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PAGE 55

Street Peddler to Tycoon,

The Story of Leon Blum

By Jerry Adams

Copyright ã 2001

The token:

LEON & H. BLUM / GALVESTON / TEXAS

50

Vulcanite (black) - round - 31 mm diameter (circa: 1870-1882) estimated value in XF: $450, possibly used as a drayage token. (H. Blum was Hyman Blum, Leon’s cousin) (listed in the Second Supplement to the Trade Tokens of Texas by William Fowler and John Ribbe, TAMS journal,1984)

PREFACE:

When researching the history of early American business tokens I am always amazed at how many of these tokens were issued by men who came to this land in poverty, worked hard and ended up as a man of property and wealth. In the process, many of these pioneer immigrants left their names on buildings and towns across the American frontier. This is the story of one such man, and his success in the land of liberty and free enterprise.

LEON BLUM:

The firm of Leon & H. Blum was a large wholesaler of merchandise in Galveston, Texas in the 1870’s. Leon Blum as born in France, and died in Galveston, Texas.

In the town of Gundescholffer, province of Alsace, France a successful businessman named Isaac Blum and his wife Julie became the parents of Leon Blum in 1836. Leon had an older brother named Alexander, and another brother named Sylvain. Leon attended the Ecole de Travail at Strasburg for several years, where he studied and apprenticed as a tin-smith. Leon’s older brother Alexander immigrated to America and settled in St. Landry’s Parish, Louisiana. Alexander worked as a peddler selling staples to the people of the area, and became quite successful. He wrote glowing letters back home to his family. Young Leon was impressed with the success of his older brother and decided to join him in America when he was old enough. That time came when Leon was 15 years old; he sailed across the Atlantic and arrived in the port of New Orleans in February 1852.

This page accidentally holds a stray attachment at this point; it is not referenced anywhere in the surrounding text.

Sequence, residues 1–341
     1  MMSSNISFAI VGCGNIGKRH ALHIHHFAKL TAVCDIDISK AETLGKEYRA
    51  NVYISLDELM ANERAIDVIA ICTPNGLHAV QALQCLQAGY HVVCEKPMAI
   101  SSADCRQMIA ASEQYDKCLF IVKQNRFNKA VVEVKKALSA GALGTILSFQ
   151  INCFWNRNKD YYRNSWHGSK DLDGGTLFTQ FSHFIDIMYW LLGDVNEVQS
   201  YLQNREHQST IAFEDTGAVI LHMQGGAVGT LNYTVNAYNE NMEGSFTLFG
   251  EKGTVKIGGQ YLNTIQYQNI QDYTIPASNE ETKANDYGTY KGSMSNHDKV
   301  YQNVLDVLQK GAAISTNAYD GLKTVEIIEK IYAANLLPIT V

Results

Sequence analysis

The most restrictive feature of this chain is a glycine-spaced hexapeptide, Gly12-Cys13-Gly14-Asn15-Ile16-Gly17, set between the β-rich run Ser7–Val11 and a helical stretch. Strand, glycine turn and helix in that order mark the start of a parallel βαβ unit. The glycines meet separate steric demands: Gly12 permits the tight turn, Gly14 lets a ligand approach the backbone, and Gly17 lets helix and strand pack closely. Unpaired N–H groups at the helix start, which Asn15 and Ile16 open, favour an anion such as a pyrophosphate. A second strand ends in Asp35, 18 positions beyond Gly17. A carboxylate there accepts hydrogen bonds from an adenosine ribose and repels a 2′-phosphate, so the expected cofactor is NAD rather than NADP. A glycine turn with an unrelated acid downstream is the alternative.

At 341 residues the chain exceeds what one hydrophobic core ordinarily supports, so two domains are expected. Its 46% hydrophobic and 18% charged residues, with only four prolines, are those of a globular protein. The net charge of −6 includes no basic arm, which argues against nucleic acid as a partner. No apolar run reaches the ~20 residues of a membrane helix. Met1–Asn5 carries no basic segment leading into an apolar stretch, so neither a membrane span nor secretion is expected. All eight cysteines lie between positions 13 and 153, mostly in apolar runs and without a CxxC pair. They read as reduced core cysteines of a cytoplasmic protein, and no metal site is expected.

Alexander met Leon and took him home in St. Landry’s Parish. Alexander set up young Leon with a stock of merchandise and Leon became a walking peddler. He sold his items from a push cart. Many of the locals were of French ancestry so the language was not a problem. Leon was a friendly lad and he learned the local customs, and the names of people, which made him a quick hit as a peddler. Soon he owned his own horse, which made his work easier. The horse also allowed him to expand the area he covered. After only 18 months, Leon had been so successful that he formed a partnership with Felix Halff, whom he had known from childhood in France. Halff and Blum began general merchandising in Grand Coteau, St. Landry’s Parish, and had a profitable business. Leon lasted 18 months in he partnership with Halff and then parted ways with him, not because of any personal disagreement, but in order to join is older brother.

Meanwhile Alexander Blum had moved to Texas where he set up a merchandising business in the town of Richmond. Through Alexander’s enterprise and experience, he became the leading merchant at that time in the thriving town of Richmond. When Leo Blum parted company with Mr. Halff, he did so to move to Richmond, Texas and join the company his older brother had founded there. Leon worked in his brother’s merchandise store as a clerk, where he excelled. After a few years in that position, his brother brought him in as a partner. The firm then took the name of A. Blum & Bro.

THE CIVIL WAR: